- by Medikoe Health Expert
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- Feb 09 2017
What is Development Delay?
Developmental delay refers to the significant delay in various growth aspects of a child. As infants grow up, they acquire various motor, cognitive, and other skills as they grow up. But sometimes, these developments do not take place when expected and the children seem to be lagging behind time. Here are the categories of developmental delays which may help you find if your child is suffering from it or not.
Language and speech:
It is the most common type of developmental delay and here is how you can spot it:
3-4 months of age: if your child does not respond to noises.
4 months: the child does not try to imitate sounds.
1 year: if the child does not utter a single word.
2 years: the child does not speak more than 10-12 words.
Your child might be suffering from this if:
3-4 months: does not grasp or try to grasp objects.
5 months: does not roll over in any direction.
1 year: does not crawl at all.
2 years: still walks on toes.
Though hard to determine early, cognitive developmental delay can be inferred by:
1 year: child is still unable to comprehend a thing and does not try to communicate. Also, the child fails to use or try to understand gestures by this age.
2 years: does not imitate gestures or words and does not try to do it either. Also the child fails to use common objects like spoon at this age.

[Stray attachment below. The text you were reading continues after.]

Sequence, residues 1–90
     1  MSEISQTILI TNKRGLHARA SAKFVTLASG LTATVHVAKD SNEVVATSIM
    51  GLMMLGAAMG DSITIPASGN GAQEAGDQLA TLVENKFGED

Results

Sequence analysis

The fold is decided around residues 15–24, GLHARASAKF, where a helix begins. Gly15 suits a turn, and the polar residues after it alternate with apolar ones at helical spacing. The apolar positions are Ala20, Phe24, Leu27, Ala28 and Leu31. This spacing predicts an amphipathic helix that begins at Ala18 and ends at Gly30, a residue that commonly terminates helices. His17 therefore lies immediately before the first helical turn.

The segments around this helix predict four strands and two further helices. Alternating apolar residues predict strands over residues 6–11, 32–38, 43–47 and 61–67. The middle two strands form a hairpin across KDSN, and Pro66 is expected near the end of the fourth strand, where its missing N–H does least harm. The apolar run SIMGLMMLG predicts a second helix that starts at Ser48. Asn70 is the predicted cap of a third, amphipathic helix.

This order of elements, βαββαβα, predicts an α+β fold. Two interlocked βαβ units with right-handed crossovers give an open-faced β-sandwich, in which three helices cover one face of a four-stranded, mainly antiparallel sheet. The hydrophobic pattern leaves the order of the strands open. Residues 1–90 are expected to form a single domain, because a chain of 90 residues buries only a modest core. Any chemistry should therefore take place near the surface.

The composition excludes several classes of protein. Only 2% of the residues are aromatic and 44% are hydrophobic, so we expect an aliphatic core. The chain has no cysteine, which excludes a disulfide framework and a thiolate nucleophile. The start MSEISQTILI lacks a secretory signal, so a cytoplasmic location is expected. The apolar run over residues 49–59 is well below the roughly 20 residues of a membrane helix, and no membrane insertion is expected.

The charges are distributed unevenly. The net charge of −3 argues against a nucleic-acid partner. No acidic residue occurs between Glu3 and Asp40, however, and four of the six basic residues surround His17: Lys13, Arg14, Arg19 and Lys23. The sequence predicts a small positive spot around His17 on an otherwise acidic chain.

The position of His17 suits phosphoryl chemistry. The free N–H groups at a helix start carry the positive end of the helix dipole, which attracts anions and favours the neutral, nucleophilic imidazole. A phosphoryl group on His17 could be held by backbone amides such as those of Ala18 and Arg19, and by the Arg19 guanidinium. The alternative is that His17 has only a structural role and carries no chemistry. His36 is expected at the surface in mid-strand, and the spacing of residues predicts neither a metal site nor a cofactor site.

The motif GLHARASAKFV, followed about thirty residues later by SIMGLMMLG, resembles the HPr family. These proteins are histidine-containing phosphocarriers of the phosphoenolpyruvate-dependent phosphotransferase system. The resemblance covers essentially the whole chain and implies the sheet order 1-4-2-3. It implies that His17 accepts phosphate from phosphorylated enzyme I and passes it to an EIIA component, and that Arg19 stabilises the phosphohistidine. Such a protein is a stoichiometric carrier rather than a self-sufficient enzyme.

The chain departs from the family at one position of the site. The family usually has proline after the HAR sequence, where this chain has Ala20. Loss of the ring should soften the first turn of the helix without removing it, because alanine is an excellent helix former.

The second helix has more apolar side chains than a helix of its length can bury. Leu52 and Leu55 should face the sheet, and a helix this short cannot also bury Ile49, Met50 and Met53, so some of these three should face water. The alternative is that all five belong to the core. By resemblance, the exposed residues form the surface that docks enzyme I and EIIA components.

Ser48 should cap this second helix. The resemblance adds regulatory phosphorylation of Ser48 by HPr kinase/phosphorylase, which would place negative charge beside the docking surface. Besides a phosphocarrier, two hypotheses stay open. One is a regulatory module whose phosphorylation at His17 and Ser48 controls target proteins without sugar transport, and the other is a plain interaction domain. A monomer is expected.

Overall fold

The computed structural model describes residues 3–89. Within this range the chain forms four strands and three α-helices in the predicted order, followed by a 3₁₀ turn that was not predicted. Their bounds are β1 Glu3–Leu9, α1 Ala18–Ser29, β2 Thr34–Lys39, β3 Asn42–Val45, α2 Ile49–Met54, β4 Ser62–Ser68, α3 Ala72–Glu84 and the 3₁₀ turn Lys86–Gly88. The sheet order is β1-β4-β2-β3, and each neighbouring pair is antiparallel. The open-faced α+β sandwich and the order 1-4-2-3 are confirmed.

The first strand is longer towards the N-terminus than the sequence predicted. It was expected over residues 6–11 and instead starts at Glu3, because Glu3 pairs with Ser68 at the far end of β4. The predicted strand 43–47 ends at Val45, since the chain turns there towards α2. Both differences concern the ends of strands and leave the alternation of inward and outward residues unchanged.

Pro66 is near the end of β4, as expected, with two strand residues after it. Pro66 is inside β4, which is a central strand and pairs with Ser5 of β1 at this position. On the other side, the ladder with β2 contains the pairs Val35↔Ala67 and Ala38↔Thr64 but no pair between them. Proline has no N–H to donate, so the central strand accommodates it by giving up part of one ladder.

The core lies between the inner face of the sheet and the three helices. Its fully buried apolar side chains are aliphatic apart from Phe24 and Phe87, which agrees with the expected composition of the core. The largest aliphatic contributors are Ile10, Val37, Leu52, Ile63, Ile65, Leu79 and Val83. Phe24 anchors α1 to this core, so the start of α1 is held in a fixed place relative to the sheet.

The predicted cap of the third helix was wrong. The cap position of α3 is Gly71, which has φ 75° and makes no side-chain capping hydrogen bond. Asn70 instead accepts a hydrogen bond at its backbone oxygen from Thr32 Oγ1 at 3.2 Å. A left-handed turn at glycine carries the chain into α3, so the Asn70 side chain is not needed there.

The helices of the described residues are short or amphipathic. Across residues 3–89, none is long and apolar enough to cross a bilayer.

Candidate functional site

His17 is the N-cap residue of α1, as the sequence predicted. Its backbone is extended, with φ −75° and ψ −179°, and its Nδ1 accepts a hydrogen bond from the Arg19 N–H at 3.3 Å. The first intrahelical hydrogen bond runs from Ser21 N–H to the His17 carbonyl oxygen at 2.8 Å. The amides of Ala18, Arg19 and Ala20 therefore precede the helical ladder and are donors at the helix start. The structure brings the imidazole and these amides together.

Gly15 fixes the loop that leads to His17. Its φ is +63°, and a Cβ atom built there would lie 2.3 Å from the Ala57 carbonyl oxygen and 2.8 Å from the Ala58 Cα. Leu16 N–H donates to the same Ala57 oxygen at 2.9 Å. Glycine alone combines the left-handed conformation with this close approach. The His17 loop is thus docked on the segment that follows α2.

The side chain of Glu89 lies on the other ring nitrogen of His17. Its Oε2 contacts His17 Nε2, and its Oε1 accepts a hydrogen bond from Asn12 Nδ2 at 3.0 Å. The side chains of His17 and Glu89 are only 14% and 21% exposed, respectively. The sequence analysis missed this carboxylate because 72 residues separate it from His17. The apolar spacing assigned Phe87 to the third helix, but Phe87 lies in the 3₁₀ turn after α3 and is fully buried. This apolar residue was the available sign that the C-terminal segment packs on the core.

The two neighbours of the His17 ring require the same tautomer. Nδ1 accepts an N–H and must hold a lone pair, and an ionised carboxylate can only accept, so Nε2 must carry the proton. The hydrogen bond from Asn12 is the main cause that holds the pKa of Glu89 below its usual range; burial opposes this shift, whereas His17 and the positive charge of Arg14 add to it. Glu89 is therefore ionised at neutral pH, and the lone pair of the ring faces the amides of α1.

Children have blurry vision when they are born, but it eventually develops. Signs to look out for:
2 months: does not notice hands.
3 months: fails to notice or follow moving objects.
6 months: child still experiences constant tearing. If the child still fails to notice or follow near or far moving objects with both eyes, it is a sign of vision development delay.
Again very hard to diagnose as children are often unpredictive. Social or emotional developmental delays are often due to neurodevelopmental disorder. It can also be a sign of autism and is hard to diagnose at a very early age. Still, look out for following symptoms:
The child resists playing with others.
Does not express much/lack of facial expression.
Performs repetitive actions and develops specific routines.
These developmental disorders are healed automatically in some cases, as some children develop more slowly. But in other cases, there is no specific remedy for this although therapies help in such cases. Be vigilant for these factors and seek early medication. Trust your child and try to maintain a positive environment around if your child suffers from these.
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